The last player we selected was John Seymour from Brampton in the OHL. Good size, okay skater, he rarely played. He was on their fourth line last year. He only played about five or six shifts a game, but every time you watched him he caught your eye. He is scheduled to take on a much bigger role with their team this year.
Our last three picks were more shots in the dark, trying to get a guy with some upside. They’re all decent size and reasonable skaters who don’t make a lot of mistakes, but we aren’t sure what their upside is.
HF: How did your draft strategy change this year with the draft being shortened from nine rounds to seven?
AM: For us it didn’t change. We’ve been of the opinion for the last few years that one of the problems with drafting major junior players in the late rounds is that they are there for a reason. They need time to develop and the two-year window that we are given doesn’t give us enough time for them to develop before they have to be signed. A guy like Dany Roussin is an exception. He came from the seventh round and really improved a lot. We’ve mostly drafted European and college players after the elite of the draft are gone, especially after the fourth round. That’s now changed since the European players now have the same two-year window as the major junior players and you only have two years to sign them. The one type of guy we will look at more is the college guy who has more time to develop. But having said that we want the best player available and if you look at our draft we took two major junior players in the sixth and seventh rounds this year.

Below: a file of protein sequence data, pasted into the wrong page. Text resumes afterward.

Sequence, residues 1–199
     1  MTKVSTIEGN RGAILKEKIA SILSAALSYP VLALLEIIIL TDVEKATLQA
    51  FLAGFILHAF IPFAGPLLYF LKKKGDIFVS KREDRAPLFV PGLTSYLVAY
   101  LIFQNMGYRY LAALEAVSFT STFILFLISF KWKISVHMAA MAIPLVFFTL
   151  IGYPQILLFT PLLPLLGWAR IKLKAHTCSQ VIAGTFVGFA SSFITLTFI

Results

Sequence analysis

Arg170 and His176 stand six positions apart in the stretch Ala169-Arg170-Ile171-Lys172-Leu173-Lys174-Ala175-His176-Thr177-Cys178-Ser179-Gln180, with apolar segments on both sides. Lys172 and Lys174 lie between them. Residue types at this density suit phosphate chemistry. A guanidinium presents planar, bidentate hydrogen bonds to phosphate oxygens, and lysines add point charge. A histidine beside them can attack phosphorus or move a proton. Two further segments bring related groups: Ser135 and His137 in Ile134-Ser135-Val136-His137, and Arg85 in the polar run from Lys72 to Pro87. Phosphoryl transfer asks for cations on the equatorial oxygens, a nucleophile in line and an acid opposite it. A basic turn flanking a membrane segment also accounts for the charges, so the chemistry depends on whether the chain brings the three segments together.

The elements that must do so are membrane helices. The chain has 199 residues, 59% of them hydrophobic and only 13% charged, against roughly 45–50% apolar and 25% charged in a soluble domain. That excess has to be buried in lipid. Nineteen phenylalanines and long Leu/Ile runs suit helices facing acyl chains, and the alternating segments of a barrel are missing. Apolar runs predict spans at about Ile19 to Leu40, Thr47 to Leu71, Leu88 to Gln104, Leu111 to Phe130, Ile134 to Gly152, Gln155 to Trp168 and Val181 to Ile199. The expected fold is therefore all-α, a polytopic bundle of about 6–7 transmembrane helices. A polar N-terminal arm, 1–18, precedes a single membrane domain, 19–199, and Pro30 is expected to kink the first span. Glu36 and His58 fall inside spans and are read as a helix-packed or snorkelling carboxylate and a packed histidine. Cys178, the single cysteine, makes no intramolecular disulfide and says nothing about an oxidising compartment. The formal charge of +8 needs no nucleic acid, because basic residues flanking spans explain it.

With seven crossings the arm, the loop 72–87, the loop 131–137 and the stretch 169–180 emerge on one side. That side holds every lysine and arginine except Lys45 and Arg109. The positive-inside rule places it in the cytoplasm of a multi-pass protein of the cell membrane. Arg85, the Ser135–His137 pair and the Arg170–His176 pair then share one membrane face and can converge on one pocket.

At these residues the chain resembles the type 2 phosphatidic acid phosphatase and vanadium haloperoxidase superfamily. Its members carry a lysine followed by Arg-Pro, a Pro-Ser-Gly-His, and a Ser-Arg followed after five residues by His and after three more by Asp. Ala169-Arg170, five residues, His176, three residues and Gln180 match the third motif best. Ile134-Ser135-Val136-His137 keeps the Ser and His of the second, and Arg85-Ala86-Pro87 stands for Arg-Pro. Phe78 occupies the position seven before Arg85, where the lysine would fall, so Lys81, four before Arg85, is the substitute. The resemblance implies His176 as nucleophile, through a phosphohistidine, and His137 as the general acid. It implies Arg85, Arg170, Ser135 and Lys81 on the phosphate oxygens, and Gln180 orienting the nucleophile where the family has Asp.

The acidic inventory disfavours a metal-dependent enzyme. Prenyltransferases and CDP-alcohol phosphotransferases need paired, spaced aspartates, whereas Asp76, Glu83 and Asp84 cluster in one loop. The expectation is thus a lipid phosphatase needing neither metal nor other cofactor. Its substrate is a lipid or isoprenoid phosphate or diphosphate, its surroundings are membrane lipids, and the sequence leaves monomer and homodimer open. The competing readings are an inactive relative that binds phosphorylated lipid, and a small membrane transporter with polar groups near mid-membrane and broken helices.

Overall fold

HF: The unrestricted free agency age will be moving down each year for the next few years. Will that make it even harder to draft and develop a goalie and will this lower their draft positioning in the future?
AM: I think every team has a different philosophy on that. I don’t think it’s any secret when you look at our drafts that we haven’t taken goalies in the first round. We believe that it takes a goalie a lot longer to develop. I think we have acquired some very good netminders with potential in the later part of this draft. Jonathon Quick, for example, this year. We just signed Ryan Munce, and Matt Zaba and Danny Taylor are progressing nicely. We were able to acquire Mathieu Garon and Jason LaBarbera in their mid to late 20s, they’ve had their signing bonuses and development years and we believe they are both ready to hit their prime. I don’t know how other teams will view it, but if there was an elite guy we felt strongly about, like Al Montoya last year, at the right point in the first round, we would take him.